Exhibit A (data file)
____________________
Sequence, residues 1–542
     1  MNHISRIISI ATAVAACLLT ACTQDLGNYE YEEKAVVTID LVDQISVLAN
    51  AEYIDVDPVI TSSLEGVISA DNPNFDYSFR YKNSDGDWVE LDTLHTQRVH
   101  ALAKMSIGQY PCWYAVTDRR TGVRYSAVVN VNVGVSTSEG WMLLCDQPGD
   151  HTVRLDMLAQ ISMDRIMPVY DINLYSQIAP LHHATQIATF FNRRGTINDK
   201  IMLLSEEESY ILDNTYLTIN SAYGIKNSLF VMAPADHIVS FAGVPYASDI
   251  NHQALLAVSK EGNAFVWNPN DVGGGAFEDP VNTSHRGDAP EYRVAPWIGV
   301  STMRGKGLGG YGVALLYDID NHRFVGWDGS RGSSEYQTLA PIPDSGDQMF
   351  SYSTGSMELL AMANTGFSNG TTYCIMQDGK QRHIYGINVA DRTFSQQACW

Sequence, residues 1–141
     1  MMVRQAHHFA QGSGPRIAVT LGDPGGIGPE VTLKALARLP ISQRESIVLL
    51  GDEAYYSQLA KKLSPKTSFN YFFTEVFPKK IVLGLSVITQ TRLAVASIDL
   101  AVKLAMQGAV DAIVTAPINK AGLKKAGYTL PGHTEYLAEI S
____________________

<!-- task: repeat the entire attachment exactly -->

Sequence, residues 1–542
     1  MNHISRIISI ATAVAACLLT ACTQDLGNYE YEEKAVVTID LVDQISVLAN
    51  AEYIDVDPVI TSSLEGVISA DNPNFDYSFR YKNSDGDWVE LDTLHTQRVH
   101  ALAKMSIGQY PCWYAVTDRR TGVRYSAVVN VNVGVSTSEG WMLLCDQPGD
   151  HTVRLDMLAQ ISMDRIMPVY DINLYSQIAP LHHATQIATF FNRRGTINDK
   201  IMLLSEEESY ILDNTYLTIN SAYGIKNSLF VMAPADHIVS FAGVPYASDI
   251  NHQALLAVSK EGNAFVWNPN DVGGGAFEDP VNTSHRGDAP EYRVAPWIGV
   301  STMRGKGLGG YGVALLYDID NHRFVGWDGS RGSSEYQTLA PIPDSGDQMF
   351  SYSTGSMELL AMANTGFSNG TTYCIMQDGK QRHIYGINVA DRTFSQQACW

Sequence, residues 1–141
     1  MMVRQAHHFA QGSGPRIAVT LGDPGGIGPE VTLKALARLP ISQRESIVLL
    51  GDEAYYSQLA KKLSPKTSFN YFFTEVFPKK IVLGLSVITQ TRLAVASIDL
   101  AVKLAMQGAV DAIVTAPINK AGLKKAGYTL PGHTEYLAEI S